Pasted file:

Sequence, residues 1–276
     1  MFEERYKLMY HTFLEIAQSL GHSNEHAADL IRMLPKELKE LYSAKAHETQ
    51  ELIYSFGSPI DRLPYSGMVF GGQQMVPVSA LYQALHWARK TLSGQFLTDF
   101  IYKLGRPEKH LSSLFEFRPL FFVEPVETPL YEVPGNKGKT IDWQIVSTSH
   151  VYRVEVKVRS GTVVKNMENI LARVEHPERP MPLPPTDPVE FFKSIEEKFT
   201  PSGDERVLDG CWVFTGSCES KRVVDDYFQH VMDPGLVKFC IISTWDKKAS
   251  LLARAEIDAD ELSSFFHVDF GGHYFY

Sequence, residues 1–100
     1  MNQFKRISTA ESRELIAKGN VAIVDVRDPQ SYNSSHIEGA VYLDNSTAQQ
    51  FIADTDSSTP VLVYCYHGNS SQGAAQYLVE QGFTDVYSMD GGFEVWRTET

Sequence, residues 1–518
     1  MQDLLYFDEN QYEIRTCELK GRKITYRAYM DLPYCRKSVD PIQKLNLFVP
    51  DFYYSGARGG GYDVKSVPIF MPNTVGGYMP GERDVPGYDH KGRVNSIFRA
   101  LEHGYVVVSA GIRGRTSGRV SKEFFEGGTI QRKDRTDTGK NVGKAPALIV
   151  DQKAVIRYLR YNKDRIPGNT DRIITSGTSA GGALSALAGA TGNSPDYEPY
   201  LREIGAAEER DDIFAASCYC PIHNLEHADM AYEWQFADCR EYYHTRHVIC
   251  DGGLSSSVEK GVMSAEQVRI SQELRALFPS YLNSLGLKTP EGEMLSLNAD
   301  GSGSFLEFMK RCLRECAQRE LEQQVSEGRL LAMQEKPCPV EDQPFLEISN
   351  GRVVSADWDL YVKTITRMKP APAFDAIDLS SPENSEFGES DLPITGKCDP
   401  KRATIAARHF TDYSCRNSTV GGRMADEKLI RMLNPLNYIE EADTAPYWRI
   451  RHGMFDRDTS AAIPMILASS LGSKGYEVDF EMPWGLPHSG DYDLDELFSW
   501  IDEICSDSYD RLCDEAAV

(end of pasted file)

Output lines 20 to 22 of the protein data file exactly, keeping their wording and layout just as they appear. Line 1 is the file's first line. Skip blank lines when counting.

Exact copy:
   401  KRATIAARHF TDYSCRNSTV GGRMADEKLI RMLNPLNYIE EADTAPYWRI
   451  RHGMFDRDTS AAIPMILASS LGSKGYEVDF EMPWGLPHSG DYDLDELFSW
   501  IDEICSDSYD RLCDEAAV